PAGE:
Secondly, Guchkov-Milyukov and Co. are bound by Anglo-French capital. They have waged, and are still waging, the war with foreign money. They have borrowed billions, promising to pay hundreds of millions in interest every year, and to squeeze this tribute out of the Russian workers and Russian peasants.
Thirdly, Guchkov-Milyukov and Co. are bound to England, France, Italy, Japan and other groups of robber capitalists by direct treaties concerning the predatory aims of this war. These treaties were concluded by Tsar Nicholas II. Guchkov-Milyukov and Co. took advantage of the workers’ struggle against the tsarist monarchy to seize power, and they have confirmed the treaties concluded by the tsar.
This was done by the whole of the Guchkov-Milyukov government in a manifesto which the St. Petersburg Telegraph Agency circulated on March 7(20): “The government [of Guchkov and Milyukov] will faithfully abide by all the treaties that bind us with other powers,” says the manifesto. Milyukov, the new Minister for Foreign Affairs, said the same thing in his telegram of March 5 (18), 1917 to all Russian representatives abroad.
These are all secret treaties, and Milyukov and Co. refuse to make them public for two reasons: (1) they fear the people, who are opposed to the predatory war; (2) they are bound by Anglo-French capital which insists that the treaties remain secret. But every newspaper reader who has followed events knows that these treaties envisage the robbery of China by Japan; of Persia, Armenia, Turkey (especially Constantinople) and Galicia by Russia; of Albania by Italy; of Turkey and the German colonies by France and England, etc.
This is how things stand.
Hence, to urge the Guchkov-Milyukov government to conclude a speedy, honest, democratic and good-neighhourly peace is like the good village priest urging the landlords and the merchants to “walk in the way of God”, to love their neighbours and to turn the other cheek. The landlords and merchants listen to these sermons, continue to oppress and rob the people and praise the priest for his ability to console and pacify the “muzhiks”.
Exactly the same role is played—consciously or unconsciously—by all those who in the present imperialist war address pious peace appeals to the bourgeois governments. The bourgeois governments either refuse to listen to such appeals and even prohibit them, or they allow them to be made and assure all and sundry that they are only fighting to conclude the speediest and “justest” peace, and that all the blame lies with the enemy. Actually, talking peace to bourgeois governments turns out to be deception of the people.
The groups of capitalists who have drenched the world in blood for the sake of dividing territories, markets and concessions cannot conclude an “honourable” peace. They can conclude only a shameful peace, a peace based on the division of the spoils, on the partition of Turkey and the colonies.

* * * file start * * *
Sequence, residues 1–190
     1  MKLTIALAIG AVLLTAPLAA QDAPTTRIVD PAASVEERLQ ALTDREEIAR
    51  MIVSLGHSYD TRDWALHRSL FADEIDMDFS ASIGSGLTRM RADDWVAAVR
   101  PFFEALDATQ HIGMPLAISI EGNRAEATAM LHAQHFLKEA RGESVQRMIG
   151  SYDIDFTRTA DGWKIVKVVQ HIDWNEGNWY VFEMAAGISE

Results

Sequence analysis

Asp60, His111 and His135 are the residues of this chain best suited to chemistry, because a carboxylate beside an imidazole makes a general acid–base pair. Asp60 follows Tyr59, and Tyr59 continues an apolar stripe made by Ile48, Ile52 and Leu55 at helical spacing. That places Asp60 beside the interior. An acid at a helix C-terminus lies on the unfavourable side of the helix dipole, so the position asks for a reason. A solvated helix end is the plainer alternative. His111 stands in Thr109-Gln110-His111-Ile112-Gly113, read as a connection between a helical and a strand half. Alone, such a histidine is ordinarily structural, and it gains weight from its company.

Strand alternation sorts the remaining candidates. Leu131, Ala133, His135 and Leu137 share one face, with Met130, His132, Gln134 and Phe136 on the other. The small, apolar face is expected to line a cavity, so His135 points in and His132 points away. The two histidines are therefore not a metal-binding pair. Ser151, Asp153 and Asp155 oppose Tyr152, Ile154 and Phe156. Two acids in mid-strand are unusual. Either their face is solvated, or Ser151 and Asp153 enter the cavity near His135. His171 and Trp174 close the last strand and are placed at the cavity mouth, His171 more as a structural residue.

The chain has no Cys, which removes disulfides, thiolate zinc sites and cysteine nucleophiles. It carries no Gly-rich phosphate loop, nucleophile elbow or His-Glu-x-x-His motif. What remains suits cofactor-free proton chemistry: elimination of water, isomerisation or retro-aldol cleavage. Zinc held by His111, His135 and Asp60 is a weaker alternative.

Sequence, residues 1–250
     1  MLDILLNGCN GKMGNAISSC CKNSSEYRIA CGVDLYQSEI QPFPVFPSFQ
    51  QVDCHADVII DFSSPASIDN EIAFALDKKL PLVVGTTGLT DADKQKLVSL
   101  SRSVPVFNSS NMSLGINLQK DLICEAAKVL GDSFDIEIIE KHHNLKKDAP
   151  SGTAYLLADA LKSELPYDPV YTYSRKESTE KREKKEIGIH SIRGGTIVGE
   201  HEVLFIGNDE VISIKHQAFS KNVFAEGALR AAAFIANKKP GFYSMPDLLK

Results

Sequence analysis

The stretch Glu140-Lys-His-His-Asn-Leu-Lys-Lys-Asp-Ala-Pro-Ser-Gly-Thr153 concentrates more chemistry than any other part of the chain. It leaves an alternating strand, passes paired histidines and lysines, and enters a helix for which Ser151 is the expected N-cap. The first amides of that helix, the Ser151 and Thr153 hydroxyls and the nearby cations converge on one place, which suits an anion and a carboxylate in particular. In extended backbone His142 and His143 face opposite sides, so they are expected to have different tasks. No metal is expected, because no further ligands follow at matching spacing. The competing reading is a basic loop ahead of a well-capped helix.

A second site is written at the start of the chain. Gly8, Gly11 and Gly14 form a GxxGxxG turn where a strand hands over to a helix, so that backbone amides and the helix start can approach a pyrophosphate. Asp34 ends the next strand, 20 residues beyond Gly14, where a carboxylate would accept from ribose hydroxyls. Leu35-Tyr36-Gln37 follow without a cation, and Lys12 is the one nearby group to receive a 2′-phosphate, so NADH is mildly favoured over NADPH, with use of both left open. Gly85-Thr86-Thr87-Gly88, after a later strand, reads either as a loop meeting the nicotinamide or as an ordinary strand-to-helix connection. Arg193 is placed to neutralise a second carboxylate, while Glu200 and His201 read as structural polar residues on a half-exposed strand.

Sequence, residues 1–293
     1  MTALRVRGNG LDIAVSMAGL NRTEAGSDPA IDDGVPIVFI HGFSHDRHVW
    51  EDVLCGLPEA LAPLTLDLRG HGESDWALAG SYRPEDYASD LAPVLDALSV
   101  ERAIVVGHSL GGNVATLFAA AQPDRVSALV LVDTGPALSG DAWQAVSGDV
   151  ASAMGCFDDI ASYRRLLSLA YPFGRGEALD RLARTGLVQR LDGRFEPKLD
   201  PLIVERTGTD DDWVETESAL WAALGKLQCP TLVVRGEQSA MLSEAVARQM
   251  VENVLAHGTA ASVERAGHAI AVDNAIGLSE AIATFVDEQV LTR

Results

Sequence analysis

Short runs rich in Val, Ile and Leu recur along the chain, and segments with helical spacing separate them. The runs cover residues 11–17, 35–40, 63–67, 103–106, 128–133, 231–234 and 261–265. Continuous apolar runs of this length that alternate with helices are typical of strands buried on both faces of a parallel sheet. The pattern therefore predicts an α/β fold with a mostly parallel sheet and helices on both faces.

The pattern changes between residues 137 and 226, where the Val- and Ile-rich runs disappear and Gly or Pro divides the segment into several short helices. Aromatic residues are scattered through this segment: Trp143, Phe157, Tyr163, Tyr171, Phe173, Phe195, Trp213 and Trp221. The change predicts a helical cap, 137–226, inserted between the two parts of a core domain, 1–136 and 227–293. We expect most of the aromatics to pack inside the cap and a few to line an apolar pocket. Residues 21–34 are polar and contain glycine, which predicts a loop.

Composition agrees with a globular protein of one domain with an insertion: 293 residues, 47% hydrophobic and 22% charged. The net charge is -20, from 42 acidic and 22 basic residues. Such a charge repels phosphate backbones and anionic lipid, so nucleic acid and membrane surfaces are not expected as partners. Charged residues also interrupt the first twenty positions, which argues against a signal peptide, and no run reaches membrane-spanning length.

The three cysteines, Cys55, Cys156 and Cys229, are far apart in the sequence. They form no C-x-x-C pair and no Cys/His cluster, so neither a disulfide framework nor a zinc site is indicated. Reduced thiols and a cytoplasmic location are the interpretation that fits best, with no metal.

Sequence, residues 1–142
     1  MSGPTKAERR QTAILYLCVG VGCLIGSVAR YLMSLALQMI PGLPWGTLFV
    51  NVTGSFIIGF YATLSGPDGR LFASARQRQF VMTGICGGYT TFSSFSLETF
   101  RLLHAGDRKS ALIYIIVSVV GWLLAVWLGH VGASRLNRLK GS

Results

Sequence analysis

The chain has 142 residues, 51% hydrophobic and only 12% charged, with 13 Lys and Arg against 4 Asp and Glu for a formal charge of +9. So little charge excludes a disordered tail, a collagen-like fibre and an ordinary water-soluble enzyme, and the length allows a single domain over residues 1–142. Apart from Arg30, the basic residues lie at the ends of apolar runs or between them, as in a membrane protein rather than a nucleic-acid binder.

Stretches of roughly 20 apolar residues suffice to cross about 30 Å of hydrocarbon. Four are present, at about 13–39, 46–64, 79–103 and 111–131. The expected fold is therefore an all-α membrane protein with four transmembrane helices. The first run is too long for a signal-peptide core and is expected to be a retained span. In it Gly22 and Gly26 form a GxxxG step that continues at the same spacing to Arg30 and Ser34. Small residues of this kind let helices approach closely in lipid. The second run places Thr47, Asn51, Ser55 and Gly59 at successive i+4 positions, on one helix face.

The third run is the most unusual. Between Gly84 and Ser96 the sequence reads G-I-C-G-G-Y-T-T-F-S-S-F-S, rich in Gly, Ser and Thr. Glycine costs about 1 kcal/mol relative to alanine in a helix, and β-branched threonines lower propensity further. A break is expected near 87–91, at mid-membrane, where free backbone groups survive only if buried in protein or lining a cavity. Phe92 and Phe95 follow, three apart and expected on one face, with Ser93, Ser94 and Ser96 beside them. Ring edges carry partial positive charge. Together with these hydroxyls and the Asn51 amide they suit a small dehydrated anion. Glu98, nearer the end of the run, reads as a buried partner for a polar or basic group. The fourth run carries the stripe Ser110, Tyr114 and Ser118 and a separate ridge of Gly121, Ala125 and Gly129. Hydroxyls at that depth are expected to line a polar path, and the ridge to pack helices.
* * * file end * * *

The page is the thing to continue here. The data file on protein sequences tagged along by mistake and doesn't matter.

Moreover, the Guchkov-Milyukov government is in general opposed to peace at the present moment, because the “only” “loot” it would get now would he Armenia and part of Galicia, whereas it also wants to get Constantinople and re gain from the Germans Poland, which tsarism has always so inhumanly and shamelessly oppressed. Further, the Guchkov Milyukov government is, in essence, only the agent of Anglo-French capital, which wants to retain the colonies it has wrested from Germany and, on top of that, compel Germany hand back Belgium and part of France. Anglo-French capital helped the Guchkovs and Milyukovs remove Nicholas II in order that they might help it to “vanquish” Germany.
What, then, is to be done?
To achieve peace (and still more to achieve a really democratic, a really honourable peace), it is necessary that political power be in the hands of the workers and poorest peasants, not the landlords and capitalists. The latter represent an insignificant minority of the population, and the capitalists, as everybody knows, are making fantastic profits out of the war.
The workers and poorest peasants are the vast majority of the population. They are not making profit out of the war; on the contrary, they are being reduced to ruin and starvation. They are bound neither by capital nor by the treaties between the predatory groups of capitalists; they can and sincerely want to end the war.
If political power in Russia were in the hands of the Soviets of Workers’, Soldiers’ and Peasants’ Deputies, these Soviets, and the All-Russia Soviet elected by them, could, and no doubt would, agree to carry out the peace programme which our Party (the Russian Social-Democratic Labour Party) outlined as early as October 13, 1915, in No. 47 of its Central Organ, Sotsial-Demokrat (then published in Geneva because of the Draconic tsarist censorship).
This programme would probably be the following:
1) The All-Russia Soviet of Workers’, Soldiers’ and Peasants’ Deputies (or the St. Petersburg Soviet temporarily acting for it) would forthwith declare that it is not bound by any treaties concluded either by the tsarist monarchy or by the bourgeois governments.
2) It would forthwith publish all these treaties in order to hold up to public shame the predatory aims of the tsarist monarchy and of all the bourgeois governments without exception.